The surface 22 of the sleeve 18 in this embodiment includes protrusions 42 that may be referred to as teeth, configured to bitingly engage with a wall 46 of a structure 50, within which the system 10 is employable, when the surface 22 is in a radially altered (i.e. expanded) configuration. This biting engagement serves to anchor the system 10 to the structure 50 to prevent relative movement therebetween. Although the structure 50 disclosed in this embodiment is a tubular, such as a liner or casing in a borehole, it could just as well be an open hole in an earth formation, for example.

In the embodiment illustrated in the FIGS. 1 and 2 the sleeve 18 includes a plurality of slots 54 that extend fully through walls 58 thereof that are distributed perimetrically about the sleeve 18 as well as longitudinally along the sleeve 18. The slots 54, in this embodiment, are configured such that a longitudinal dimension of each is greater than a dimension perpendicular to the longitudinal dimension. Webs 62 in the walls 58 extend between pairs of longitudinally adjacent slots 54. The foregoing structure permits the sleeve 18 to be radially altered by the frustoconical member 14 with less force than if the slots 54 did not exist. The webs 62 may be configured to rupture during radial alteration of the sleeve 18 to further facilitate radial alteration thereof.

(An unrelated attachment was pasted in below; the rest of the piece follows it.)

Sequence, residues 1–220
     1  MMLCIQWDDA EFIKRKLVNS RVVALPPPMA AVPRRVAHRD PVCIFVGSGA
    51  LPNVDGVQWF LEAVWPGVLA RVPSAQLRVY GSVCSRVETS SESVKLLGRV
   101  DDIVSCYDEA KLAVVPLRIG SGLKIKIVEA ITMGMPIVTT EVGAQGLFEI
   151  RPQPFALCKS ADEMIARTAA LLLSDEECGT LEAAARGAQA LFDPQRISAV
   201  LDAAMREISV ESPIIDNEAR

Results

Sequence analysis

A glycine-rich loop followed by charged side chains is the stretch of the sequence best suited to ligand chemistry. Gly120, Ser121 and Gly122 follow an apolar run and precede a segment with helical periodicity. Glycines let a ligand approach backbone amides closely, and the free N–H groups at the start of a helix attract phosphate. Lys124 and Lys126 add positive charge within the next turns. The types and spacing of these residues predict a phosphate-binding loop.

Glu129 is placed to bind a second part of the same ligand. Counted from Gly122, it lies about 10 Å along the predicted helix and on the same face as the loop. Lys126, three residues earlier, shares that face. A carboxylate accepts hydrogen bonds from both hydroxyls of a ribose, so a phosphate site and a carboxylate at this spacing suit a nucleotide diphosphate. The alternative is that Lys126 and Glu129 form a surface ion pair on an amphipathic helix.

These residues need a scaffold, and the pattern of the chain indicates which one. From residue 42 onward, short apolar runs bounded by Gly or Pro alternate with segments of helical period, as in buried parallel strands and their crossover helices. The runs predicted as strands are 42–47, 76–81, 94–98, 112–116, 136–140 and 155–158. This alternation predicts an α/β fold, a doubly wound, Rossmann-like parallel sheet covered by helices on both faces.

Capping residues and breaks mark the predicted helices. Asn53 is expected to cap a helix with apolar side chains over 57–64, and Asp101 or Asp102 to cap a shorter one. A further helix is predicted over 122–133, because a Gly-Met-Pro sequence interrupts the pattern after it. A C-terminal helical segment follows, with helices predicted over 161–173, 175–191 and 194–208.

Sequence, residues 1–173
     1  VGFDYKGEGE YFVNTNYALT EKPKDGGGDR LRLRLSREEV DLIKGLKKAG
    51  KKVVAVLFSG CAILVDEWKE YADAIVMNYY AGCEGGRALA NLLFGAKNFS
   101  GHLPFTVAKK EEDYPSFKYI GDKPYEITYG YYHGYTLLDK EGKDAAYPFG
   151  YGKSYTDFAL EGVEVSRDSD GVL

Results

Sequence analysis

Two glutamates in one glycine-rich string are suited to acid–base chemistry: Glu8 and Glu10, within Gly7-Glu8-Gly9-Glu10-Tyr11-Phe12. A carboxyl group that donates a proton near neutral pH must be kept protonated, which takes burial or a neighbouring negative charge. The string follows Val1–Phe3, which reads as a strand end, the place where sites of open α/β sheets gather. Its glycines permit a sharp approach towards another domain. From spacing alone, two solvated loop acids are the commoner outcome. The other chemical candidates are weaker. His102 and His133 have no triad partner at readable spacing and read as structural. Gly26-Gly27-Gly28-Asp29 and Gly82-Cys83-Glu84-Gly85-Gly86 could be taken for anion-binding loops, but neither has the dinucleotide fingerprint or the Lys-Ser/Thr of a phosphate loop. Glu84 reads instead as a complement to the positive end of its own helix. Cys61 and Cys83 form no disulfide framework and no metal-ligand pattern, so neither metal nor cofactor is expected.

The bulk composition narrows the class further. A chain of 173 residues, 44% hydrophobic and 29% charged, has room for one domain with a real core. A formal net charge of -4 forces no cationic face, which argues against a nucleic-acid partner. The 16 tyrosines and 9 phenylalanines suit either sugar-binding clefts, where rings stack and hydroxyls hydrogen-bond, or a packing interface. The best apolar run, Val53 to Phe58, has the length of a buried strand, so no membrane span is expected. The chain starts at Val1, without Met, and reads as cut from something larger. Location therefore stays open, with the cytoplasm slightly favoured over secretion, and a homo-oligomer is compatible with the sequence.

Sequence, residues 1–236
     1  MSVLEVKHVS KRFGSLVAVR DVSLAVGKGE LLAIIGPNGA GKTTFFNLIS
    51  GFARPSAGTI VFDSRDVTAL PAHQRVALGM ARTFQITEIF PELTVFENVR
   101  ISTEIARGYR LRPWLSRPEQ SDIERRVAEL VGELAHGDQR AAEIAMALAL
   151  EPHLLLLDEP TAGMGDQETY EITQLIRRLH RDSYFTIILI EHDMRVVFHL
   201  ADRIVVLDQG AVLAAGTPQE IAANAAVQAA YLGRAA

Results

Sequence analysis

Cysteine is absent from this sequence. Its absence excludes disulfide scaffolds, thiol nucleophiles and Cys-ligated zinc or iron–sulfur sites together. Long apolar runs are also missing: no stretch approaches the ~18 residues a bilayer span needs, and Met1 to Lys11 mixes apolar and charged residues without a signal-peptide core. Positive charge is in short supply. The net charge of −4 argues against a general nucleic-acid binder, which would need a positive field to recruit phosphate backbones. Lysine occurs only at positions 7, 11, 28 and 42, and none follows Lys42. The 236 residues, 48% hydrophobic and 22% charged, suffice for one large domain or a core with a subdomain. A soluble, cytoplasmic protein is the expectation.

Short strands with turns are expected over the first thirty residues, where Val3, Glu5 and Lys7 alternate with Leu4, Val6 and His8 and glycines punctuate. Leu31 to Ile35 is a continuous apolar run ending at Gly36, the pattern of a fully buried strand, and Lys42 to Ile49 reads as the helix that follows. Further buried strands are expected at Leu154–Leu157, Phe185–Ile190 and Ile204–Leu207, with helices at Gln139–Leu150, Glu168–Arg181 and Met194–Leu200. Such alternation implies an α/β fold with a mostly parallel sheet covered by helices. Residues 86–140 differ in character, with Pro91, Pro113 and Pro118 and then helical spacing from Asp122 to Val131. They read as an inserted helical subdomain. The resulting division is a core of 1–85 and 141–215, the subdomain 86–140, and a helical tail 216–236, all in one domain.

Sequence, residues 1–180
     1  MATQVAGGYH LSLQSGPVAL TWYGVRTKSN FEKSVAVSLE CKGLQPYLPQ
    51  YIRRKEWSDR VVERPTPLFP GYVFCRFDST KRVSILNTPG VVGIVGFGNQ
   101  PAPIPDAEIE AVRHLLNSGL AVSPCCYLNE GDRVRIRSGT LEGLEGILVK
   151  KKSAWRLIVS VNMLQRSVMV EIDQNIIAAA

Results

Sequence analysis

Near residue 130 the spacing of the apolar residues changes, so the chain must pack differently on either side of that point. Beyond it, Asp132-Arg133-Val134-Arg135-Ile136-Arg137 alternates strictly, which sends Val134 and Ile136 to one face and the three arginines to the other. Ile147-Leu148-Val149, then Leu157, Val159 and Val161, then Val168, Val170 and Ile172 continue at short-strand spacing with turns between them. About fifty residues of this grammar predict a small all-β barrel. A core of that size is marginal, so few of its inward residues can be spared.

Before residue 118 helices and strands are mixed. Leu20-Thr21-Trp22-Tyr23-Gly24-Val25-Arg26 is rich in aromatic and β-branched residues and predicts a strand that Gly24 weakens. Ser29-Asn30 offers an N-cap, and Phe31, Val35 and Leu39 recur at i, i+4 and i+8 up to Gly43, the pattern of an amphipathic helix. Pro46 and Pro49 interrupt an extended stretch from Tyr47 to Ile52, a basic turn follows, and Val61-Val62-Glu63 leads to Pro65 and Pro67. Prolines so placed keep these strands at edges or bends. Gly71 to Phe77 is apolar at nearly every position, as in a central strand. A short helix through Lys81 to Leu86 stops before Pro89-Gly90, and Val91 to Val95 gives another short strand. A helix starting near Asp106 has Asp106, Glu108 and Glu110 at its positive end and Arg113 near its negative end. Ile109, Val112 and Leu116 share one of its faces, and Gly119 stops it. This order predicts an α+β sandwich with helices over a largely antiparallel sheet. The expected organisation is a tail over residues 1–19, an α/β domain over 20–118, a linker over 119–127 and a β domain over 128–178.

The sleeve 18 also has a recess 66 formed in the walls 58 that are receptive to shoulders 70 on fingers 74 that are attached to the seat 34. Once the seat 34 has moved sufficiently relative to the sleeve 18 that the shoulders 70 are engaged in the recess 66 the seat 34 is prevented from moving in a reverse direction relative to the sleeve 18, thereby maintaining the frustoconical member 14 longitudinally overlapping with the sleeve 18. This overlapping assures that the radial expansion of the sleeve 18 is maintained even after forces that drove the frustoconical member 14 into the sleeve 14 are withdrawn. Additional embodiments are contemplated for maintaining relative position between the frustoconical member 14 and the sleeve 18 once they have become longitudinally overlapped including frictional engagement between the frustoconical member 14 and the sleeve 18, as well as wickers on one or both of the frustoconical member 14 and the sleeve 18 that engage with a surface of the other, for example.